Legitimacy is a tricky concept. It is related to substantive principles of justice, but it is not the same thing as justice. That is, people believe that a set of institutions is legitimate because they believe they are just, but legitimacy is always relative to the people conferring legitimacy.
Legitimacy is important to us not simply because we want to feel good about ourselves, but because it is useful. Other people will follow the American lead if they believe that it is legitimate; if they do not, they will resist, complain, obstruct or actively oppose what we do. In this respect, it matters not what we believe to be legitimate, but rather what other people believe is legitimate. If the Indian government says that it will not participate in a peacekeeping force in Iraq unless it has a UN Security Council mandate to do so, it does not matter in the slightest that we believe the Security Council to be an illegitimate institution: the Indians simply will not help us out.
Krauthammer and others have dismissed the importance of legitimacy by associating it entirely with the United Nations--and then shooting at that very easy target. Of course, the UN has deep problems with legitimacy. Since membership is not based on a substantive principle of legitimacy, but rather formal sovereignty, it has been populated from the beginning by a range of dictatorial and human-rights abusing regimes. Our European allies themselves do not believe in the necessity of legitimization through the Security Council. When they found they could not get its support for the intervention in Kosovo because of the Russian veto, they were perfectly willing to bypass the UN and switch the venue to NATO instead.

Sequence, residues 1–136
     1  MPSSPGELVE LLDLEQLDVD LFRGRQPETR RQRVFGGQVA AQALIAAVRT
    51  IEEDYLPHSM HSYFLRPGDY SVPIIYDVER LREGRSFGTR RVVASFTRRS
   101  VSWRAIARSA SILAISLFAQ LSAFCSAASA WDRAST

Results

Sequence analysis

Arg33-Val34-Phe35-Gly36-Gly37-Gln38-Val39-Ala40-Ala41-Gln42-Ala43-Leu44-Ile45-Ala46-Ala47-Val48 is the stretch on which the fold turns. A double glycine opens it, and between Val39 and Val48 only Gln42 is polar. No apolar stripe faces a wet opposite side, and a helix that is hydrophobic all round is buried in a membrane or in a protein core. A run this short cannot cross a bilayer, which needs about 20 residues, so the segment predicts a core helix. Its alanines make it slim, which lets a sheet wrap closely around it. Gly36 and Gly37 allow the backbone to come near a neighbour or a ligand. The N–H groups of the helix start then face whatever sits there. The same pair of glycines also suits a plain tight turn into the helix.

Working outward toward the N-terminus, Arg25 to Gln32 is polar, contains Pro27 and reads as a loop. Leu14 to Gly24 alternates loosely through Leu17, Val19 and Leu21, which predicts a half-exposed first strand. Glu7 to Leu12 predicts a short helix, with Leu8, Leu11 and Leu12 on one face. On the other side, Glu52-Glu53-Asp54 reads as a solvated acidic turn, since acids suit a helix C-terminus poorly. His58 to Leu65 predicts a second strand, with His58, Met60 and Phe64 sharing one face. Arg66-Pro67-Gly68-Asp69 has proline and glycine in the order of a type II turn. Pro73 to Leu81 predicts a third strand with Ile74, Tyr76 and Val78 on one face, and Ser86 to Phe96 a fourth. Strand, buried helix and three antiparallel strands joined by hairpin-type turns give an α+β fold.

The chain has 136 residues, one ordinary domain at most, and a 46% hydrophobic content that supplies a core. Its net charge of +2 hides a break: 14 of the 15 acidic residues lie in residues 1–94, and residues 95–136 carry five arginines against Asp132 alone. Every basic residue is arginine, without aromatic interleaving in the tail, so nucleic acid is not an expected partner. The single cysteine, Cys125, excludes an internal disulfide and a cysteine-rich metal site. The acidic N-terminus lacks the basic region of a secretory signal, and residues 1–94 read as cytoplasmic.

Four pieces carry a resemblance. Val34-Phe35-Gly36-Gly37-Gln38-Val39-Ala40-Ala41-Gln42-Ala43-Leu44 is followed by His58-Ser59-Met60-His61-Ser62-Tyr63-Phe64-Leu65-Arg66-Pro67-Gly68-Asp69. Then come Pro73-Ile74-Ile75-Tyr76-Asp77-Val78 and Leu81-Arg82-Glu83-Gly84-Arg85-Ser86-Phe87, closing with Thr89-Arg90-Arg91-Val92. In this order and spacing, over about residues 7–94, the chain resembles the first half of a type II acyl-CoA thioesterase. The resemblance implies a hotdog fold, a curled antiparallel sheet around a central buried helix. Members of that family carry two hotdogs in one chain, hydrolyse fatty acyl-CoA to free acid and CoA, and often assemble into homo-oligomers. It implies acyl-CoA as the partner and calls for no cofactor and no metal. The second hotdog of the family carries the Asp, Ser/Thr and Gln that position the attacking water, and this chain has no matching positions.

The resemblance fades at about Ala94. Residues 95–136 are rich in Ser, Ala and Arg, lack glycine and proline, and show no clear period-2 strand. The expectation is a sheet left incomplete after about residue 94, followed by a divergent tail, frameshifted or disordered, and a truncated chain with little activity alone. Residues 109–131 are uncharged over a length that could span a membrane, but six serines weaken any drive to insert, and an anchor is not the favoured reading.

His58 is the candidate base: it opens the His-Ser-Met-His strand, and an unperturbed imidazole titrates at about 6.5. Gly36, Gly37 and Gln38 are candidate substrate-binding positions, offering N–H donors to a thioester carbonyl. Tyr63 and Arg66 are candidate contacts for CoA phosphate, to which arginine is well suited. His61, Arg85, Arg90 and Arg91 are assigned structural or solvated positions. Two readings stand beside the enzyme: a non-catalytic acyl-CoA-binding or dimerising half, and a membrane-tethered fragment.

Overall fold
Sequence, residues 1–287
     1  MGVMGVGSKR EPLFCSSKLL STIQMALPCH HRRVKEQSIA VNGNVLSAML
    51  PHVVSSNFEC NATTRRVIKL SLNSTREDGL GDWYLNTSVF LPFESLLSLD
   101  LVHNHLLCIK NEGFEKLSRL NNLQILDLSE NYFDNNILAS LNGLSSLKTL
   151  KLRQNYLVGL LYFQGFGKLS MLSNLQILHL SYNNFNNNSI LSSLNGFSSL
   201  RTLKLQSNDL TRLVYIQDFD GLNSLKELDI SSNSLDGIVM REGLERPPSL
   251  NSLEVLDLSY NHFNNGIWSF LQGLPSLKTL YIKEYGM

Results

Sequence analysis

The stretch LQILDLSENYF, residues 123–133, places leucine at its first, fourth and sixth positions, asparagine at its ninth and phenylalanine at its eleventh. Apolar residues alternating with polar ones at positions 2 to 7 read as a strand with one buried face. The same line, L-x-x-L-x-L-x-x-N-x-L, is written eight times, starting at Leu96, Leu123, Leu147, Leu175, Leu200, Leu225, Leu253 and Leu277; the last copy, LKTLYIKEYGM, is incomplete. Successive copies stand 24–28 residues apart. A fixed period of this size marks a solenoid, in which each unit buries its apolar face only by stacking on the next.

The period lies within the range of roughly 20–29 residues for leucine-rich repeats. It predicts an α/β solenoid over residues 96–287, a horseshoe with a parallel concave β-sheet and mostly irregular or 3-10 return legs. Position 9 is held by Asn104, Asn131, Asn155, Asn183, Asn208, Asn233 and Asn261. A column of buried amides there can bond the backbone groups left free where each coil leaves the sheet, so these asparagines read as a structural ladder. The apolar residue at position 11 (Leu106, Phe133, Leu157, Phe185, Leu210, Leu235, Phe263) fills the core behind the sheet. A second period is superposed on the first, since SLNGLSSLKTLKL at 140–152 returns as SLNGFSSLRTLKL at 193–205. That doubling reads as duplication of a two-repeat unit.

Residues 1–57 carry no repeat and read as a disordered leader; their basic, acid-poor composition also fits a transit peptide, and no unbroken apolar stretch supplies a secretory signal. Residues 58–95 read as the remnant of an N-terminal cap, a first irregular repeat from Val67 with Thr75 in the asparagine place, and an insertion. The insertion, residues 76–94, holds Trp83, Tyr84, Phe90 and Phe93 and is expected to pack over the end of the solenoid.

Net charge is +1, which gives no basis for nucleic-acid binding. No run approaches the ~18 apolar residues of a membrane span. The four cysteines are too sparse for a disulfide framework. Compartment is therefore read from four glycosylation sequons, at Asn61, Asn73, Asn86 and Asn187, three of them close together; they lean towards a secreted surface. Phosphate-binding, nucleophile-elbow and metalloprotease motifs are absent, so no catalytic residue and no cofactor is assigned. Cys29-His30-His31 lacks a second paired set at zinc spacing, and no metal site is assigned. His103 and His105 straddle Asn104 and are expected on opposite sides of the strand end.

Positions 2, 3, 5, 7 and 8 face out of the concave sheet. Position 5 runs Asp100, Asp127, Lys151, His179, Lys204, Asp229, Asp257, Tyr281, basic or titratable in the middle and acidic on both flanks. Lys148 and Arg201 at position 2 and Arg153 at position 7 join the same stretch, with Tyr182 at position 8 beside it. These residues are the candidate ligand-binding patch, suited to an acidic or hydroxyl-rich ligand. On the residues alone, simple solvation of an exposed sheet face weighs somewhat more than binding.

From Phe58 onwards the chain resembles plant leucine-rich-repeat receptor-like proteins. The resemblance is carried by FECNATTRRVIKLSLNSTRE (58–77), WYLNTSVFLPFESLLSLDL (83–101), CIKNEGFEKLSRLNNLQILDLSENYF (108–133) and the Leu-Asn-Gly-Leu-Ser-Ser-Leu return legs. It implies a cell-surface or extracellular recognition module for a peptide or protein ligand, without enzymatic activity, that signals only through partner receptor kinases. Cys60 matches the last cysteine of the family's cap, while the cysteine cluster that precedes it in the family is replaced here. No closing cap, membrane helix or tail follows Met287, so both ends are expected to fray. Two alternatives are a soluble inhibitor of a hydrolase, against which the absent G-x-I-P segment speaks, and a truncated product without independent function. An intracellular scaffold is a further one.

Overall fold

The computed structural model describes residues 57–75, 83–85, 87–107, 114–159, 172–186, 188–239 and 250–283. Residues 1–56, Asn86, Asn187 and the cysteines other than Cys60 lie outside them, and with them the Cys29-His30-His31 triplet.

But our legitimacy problem in Iraq went much deeper. Even if we had switched the venue to NATO--an alliance of democracies committed to the same underlying set of values--we could not have mustered a majority in support of our position, not to speak of the consensus required for collective action in that organization. The Bush Administration likes to boast of the size of the "coalition of the willing" that the United States was eventually able to pull together. One can take comfort in this only by abstracting from the quality of the support we received. Besides Britain and Australia, no one was willing to put boots on the ground during the active phase of combat, and now that post-conflict peacekeeping looks more like real warfare once again, Spain, Honduras and other members of the coalition are pulling out. Those countries that did support the United States did so on the basis of an elite calculation of national interest--in almost all cases against the wishes of large majorities of their own populations. This is true alike for Tony Blair, our staunchest ally, and for Poland, the most pro-American country in eastern Europe. While the behavior of Germany's Gerhard Schröder in actively opposing the war was deeply disappointing, I would still much rather have Germany on my side than a feckless and corrupt Ukraine.